adversary96 (Josh Brumm)


Comment history

As good as billed: QB Dayne Crist living up to lofty expectations

A good quarterback is nothing without a good offensive line protecting him. Our lack of a strong OL was one of our main weaknesses last season. I haven't seen any reports of that problem being addressed yet, unless I missed them.

April 17, 2012 at 8:34 p.m. ( | suggest removal )

Legislator upset that $85M contract for health reform accepted

Since when does one state get to decide if it follows federal law or not? Since Socialism & birth certificate, that's when! : p

September 10, 2011 at 8:49 a.m. ( | suggest removal )

Governor-elect Brownback says he's seeking bold action on tax reductions, will protect education funding

The problem with "cutting the fat, fraud, waste and abuse" is that we've been doing that as a nation since the first Bush administration, on both the state and federal levels. That's why NASA keeps scrapping projects, why cases of Medicare fraud are few and far between, why the Public Defender's office is overburdened so much some are now refusing new cases, and why the schools of the state banded together and sued Topeka to get the funding they were supposed to have. The only fat, fraud, waste and abuse that's left is in the Defense budget (2 different types of engine for a plane that only needs one, ordering more high ticket items that the Pentagon doesn't want or need and puts into deep storage upon delivery, researching dead end weapons technologies that are based on a fundamentally flawed understanding of physics), but no one dares to even cut what the Pentagon says they don't want!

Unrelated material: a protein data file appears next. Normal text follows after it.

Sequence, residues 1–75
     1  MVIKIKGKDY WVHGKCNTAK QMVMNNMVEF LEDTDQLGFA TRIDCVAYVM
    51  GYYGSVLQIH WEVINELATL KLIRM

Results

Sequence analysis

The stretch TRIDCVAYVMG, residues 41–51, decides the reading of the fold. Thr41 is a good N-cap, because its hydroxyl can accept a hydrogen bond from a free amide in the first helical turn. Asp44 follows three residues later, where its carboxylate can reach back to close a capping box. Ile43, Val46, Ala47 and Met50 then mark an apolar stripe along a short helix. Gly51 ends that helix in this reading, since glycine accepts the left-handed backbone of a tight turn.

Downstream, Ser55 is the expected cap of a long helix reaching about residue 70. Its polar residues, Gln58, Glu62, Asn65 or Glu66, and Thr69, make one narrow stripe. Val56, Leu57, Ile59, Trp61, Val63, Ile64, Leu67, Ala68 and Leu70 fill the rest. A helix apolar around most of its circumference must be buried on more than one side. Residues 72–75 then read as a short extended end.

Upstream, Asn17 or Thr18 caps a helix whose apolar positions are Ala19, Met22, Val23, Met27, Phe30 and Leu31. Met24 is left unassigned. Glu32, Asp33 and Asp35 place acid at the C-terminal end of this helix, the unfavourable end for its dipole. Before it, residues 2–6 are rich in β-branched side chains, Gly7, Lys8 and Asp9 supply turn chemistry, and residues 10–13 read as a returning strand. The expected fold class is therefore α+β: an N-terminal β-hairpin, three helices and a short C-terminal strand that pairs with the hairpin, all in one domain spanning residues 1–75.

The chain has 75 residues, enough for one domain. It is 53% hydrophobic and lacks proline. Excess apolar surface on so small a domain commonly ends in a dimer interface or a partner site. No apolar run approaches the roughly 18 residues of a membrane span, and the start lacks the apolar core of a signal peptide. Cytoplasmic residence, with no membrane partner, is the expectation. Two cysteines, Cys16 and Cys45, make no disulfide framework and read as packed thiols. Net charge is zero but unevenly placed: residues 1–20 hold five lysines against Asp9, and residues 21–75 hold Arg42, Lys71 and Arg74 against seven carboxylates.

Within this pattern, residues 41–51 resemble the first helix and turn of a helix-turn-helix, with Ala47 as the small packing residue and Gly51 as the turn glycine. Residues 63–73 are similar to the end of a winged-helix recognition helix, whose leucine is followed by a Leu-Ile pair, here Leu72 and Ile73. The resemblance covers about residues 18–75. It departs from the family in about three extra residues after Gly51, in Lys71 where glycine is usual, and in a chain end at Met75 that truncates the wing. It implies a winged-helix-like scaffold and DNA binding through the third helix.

What actually would stimulate the local economy is targeted long term incentives in areas that need it. Tax rebates for property owners of all types to make their buildings more energy efficient. Investments to strengthen and secure our aging power grid. Beautification projects to draw new businesses & shoppers to areas with empty storefronts. That would make sense.